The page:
Ever seen a cool, interactive map that presents a lot of information really clearly, and wondered how someone created it? It was likely created using Geographical information systems (GIS), and students in Professor Kim Diver’s Introduction to GIS course (E&E 280) learned how to create maps like those and much more during their course work this fall.
Geographical information systems (GIS) are powerful tools for organizing, analyzing, and displaying spatial data. GIS has applications in a wide variety of fields including the natural sciences, public policy, business, and the humanities–literally any field that uses spatially distributed information. In this course the students explored the fundamentals of GIS with an emphasis on practical application of GIS to solve problems from a range of disciplines.
I had the opportunity to watch this semester’s service-learning project presentation where 17 undergraduate students presented on different projects for community partners like Soils, Solar, Long Lane, Aerial Photos, and Recreation. Graduate students also had the opportunity to present on topics related to their thesis research! The project included five fundamental components: project planning and design, database development and management, GIS data analyses, output generation, and project synthesis/documentation
The objective of the project was to create a GIS and conduct data analysis and visualization for a community partner. Students created a GIS fulfilling the main objective of one of the semester’s available projects. I was extremely impressed by the students’ mastery of the subject in just one semester! Each presentation demonstrated the students’ knowledge in data collection, management, editing, analysis, and cartographic design. I learned a range of topics such as Dharma Lea farm history to resilience of life in Paulina Lake to solar panels suitability in Middletown!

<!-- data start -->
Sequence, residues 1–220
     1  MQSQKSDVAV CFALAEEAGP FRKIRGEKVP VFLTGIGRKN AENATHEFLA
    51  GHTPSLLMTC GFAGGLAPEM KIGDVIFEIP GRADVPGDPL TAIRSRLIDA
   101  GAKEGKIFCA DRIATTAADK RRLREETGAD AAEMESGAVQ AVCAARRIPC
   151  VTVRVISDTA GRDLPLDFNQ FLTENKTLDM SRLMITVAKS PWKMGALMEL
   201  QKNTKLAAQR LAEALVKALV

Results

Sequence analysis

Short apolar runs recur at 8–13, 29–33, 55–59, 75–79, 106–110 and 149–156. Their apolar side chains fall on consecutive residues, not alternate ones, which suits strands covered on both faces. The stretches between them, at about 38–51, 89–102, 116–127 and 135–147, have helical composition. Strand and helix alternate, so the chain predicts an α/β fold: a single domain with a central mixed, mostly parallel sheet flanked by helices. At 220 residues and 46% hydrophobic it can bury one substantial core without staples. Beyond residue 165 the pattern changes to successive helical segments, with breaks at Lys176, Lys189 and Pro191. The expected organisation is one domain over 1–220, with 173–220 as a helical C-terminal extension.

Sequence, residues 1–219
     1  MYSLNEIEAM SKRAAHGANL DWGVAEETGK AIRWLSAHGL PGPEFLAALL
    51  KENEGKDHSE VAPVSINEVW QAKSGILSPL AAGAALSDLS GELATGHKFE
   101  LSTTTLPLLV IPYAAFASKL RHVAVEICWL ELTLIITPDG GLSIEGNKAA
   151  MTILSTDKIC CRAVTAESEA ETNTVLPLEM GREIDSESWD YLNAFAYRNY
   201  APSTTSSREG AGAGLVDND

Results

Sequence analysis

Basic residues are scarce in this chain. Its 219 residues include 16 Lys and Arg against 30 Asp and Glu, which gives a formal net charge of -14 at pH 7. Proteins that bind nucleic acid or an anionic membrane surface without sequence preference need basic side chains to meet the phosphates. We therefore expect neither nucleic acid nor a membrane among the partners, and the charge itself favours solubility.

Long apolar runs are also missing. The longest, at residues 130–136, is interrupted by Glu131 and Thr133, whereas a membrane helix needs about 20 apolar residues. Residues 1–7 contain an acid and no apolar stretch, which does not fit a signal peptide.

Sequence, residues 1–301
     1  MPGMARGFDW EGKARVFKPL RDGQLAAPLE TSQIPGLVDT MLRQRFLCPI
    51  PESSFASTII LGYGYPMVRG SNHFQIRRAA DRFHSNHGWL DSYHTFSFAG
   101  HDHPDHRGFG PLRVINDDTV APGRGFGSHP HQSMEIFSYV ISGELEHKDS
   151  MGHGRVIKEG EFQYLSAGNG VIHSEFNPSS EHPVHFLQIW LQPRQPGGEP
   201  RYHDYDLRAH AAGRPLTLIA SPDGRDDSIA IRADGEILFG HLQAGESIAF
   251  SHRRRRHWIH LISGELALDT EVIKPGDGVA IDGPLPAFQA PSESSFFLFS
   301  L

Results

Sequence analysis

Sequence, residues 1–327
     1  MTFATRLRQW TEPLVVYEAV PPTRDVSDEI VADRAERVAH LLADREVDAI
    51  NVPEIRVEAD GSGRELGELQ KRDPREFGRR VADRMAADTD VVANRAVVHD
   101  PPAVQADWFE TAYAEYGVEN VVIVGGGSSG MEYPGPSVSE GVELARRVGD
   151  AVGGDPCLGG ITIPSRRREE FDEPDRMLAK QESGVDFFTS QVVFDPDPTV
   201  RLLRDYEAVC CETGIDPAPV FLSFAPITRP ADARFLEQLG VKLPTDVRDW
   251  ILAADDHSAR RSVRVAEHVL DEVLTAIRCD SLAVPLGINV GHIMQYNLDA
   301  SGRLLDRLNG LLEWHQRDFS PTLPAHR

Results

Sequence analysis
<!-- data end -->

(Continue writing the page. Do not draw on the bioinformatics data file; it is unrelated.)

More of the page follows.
Knowledge of the basics of GIS can be helpful on a variety of different projects across disciplines, and this course is a great way to learn those basics while also producing meaningful work for organizations in our community. Professor Diver is also offering an Advanced GIS and Spatial Analyses course (E&E 380) this spring. Congratulations to the students in the course on their wonderful final presentations!